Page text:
Thursday, 10 March 2011


10/3/11, Bush

Dr T said psychologically convincing except the mother who was rather two-dimensional (mark you, if you're up to yr eyeballs in Prozac...)

S said it was nice to be told what really happened and not to be left hanging

I thought the family with something dark in the woodshed which emerges during the course of a family meal is something of a cliche, but when it's done this well -- so convincingly written and acted, with everyone talking over everyone else and then sudden silences for the great revelations -- it's impossible not to like


8/3/11, Southwark Playhouse

Saturday, 5 March 2011


4/3/11, Gate

Missed it. Couldn't get away from work in time. All the women said it was grim, so missed nothing.


2/3/11, Emirates

Fifth round FA Cup replay. Orient lost 5-0. Not normally our kind of thing, but D bought the tickets as an "early birthday present" because I've never been to the Emirates despite living only 25 mins walk away and admiring it from the outside (D has: she went with A a year or two back).

It was bitterly cold and I'd been sweltering all day, interviewing an ambassador in my thermals. We were up high behind the TV cameras and commentators, just over the half-way line. It was a good position and it's a fine stadium but I was struck walking to the exit at half-time by how much more atmosphere there seemed to be if you were lower down: not so much being closer to the action, though that helps, but being able to see the top of the stand on the opposite side and the sky above it, which adds to the feeling of enclosure and the sense of an arena, a cauldron of activity. Being up high is a bit like looking through the wrong end of a telescope.

It probably didn't help that the place wasn't full. A midweek fixture, a much weaker visiting side... There seemed to be lots of empty seats and I'd have said the place was as much as one-third empty, though the announcement near the end claimed over 59,000 out of 60,355 seats were taken . There didn't seem to be a tremendous sense of occasion for the Arsenal fans generally, or for those around us, especially once the Gunners had taken the lead 1-0 just a few minutes in. After that it gradually turned into a turkey-shoot, with Orient struggling to get out of their own half, struggling to get possession, losing it when they did get it, and being generally outplayed by a much flashier Arsenal side (who were without several of their star players, apparently) who seemed towards the end to be actively playing with them.

A closer match against a team of the same standard might have ratcheted the tension up and got everyone on their feet.

The highlight were the Orient fans, around 7,000 of them in the far corner away to our right, who never stopped chanting and singing, even when their team were clearly out of it and had just given away a penalty to boot. For them clearly it was a Really Big Night.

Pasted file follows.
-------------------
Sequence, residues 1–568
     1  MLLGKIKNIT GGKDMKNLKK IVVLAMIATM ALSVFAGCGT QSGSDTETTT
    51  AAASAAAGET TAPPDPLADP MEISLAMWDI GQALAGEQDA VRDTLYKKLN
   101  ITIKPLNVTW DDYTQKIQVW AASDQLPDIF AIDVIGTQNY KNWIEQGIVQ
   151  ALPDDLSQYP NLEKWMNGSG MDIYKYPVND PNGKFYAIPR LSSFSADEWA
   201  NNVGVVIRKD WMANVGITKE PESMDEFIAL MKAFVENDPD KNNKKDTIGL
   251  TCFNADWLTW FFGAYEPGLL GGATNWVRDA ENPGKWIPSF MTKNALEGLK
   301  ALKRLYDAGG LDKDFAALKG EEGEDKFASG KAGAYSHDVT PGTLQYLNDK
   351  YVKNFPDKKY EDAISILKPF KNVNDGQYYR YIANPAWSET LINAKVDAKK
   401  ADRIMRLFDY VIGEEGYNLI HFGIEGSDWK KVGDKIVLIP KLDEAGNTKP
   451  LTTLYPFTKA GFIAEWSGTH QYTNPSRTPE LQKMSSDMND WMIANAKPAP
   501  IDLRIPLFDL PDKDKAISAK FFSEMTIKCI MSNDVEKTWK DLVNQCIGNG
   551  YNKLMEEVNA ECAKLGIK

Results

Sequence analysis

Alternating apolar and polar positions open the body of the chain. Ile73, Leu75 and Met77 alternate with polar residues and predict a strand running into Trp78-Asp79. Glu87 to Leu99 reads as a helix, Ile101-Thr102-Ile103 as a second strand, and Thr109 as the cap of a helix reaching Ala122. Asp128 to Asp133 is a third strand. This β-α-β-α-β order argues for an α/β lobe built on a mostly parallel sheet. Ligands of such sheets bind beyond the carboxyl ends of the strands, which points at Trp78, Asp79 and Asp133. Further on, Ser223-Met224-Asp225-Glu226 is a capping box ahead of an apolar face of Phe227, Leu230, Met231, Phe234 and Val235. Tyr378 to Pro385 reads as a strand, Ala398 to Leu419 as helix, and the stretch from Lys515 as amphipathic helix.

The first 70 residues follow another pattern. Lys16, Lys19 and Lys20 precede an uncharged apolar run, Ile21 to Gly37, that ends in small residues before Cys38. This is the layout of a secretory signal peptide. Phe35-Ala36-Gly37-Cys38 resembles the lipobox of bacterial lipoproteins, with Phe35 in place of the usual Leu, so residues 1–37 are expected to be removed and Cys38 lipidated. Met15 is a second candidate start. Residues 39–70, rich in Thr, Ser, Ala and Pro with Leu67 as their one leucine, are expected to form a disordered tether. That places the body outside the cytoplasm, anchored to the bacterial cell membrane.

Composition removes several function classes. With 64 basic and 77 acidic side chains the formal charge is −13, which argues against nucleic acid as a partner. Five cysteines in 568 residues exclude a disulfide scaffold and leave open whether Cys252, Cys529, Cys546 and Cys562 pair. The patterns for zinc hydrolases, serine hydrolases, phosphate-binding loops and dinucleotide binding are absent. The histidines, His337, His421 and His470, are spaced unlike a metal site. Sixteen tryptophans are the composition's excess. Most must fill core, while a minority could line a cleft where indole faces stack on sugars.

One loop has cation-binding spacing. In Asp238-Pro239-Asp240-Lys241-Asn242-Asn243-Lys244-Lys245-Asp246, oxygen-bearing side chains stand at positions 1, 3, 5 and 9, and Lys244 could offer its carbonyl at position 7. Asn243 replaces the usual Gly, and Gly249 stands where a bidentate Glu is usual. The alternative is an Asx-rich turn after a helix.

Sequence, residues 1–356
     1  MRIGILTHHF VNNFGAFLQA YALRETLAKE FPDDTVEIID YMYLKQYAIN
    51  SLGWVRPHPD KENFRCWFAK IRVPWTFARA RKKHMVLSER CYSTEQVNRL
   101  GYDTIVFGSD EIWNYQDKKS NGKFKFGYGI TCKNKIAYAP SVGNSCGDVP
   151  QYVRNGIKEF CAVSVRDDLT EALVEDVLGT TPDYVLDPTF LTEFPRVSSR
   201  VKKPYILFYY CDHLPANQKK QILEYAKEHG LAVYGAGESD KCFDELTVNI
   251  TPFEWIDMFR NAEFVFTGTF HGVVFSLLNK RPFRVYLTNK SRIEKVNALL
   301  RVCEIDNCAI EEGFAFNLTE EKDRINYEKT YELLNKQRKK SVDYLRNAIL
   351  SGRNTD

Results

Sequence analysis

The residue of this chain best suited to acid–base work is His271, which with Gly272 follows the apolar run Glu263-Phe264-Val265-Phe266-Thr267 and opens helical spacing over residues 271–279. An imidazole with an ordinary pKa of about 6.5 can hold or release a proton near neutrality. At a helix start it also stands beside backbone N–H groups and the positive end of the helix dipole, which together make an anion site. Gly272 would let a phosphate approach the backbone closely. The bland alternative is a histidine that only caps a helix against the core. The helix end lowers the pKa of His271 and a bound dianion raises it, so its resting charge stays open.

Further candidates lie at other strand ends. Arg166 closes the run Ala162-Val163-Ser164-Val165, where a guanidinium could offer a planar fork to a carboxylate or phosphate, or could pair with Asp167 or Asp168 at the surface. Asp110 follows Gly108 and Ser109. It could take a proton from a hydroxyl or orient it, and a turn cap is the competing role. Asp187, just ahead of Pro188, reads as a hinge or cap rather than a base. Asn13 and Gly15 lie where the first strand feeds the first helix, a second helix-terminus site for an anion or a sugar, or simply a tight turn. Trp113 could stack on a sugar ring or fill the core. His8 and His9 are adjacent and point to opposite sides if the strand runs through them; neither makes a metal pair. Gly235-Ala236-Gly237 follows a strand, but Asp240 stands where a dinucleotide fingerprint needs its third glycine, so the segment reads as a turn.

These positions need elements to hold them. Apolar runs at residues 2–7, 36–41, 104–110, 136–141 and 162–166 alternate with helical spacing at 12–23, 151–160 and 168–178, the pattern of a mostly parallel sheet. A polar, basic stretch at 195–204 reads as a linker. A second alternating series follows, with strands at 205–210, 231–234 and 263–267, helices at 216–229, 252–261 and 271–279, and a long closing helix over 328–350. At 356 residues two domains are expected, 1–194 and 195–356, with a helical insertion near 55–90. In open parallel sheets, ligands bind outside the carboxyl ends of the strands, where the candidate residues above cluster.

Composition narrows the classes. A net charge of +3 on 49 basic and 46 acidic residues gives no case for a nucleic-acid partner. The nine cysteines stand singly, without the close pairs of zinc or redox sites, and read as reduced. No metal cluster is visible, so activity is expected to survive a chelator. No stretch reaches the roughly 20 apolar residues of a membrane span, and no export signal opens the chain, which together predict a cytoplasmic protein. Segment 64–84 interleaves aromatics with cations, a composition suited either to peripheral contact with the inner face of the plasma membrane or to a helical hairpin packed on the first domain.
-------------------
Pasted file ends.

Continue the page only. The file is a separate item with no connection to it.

As on those previous (rare) occasions when I've watched a football match live I found myself, however hard I concentrated, surprised by the goals and instantly unable to remember what had happened and who'd done what (even assuming I knew who the players were). (The same goes for fouls and free kicks). I felt the absence of the instant replay (though by craning our necks we could see it on the big screen in the corner).

An anthropologically interesting occasion, then, but not an especially involving one. Here's what an expert thought:


28/2/11, Curzon Soho

110 mins. The Coen Brothers' remake of the John Wayne classic with Jeff Bridges in place of the Duke. A great, laconic performance by Bridges and some lovely, drily witty lines from the Coens. But by their standards a disappointing film.

It is after all a Western and we all know the story, which is a given. There were some Coen-esque moments, like the discovery of a corpse hanging high up in a tree in the wilderness ("Why did they hang him so high?" "Perhaps that way they thought he'd be more dead") which is cut down, sold to a passing Indian and then turns up having been sold on to a huge man in a bear skin who, having removed the teeth, offers to sell it back to our heroes. There were a couple of lovely comic scenes involving the heroine (Hailee Steinfeld, who really was just 14 when they made the film) and the elderly dealer in horseflesh with whom she negotiates. And the conclusion was typically downbeat: our heroine, now grown-up, seeks out her saviour, who has become one of the attractions in a touring Western show, only to find he has died a few days before her arrival. Matt Damon once again showed what a good actor he is as La Boeuf (pron "Labeef"), the effete Texas Ranger.

But there were some longueurs and I'm not sure it was a good idea to write the whole script in clunky period dialogue, full of "is not" instead of "isn't" and "I will" instead of "I'll". In the end the Western has rules which even the Coens must obey. One, which doesn't help plausibility, is that our heroes make camp with an array of equipment which in reality would have needed at least one packhorse to carry, yet which they somehow manage to stow away in a couple of saddle-bags. The most glaring example comes towards the end when the heroine goes down to the river to get water and spots and is spotted by the man they've been chasing as he waters the gang's horses on the far side. She has a wooden bucket, which floats away in close-up: a bucket which has earlier been nowhere in evidence on her horse or Jeff Bridges'.

The Coens are good at subverting genre expectations with black and quirky humour, but the Western seems to defy even them.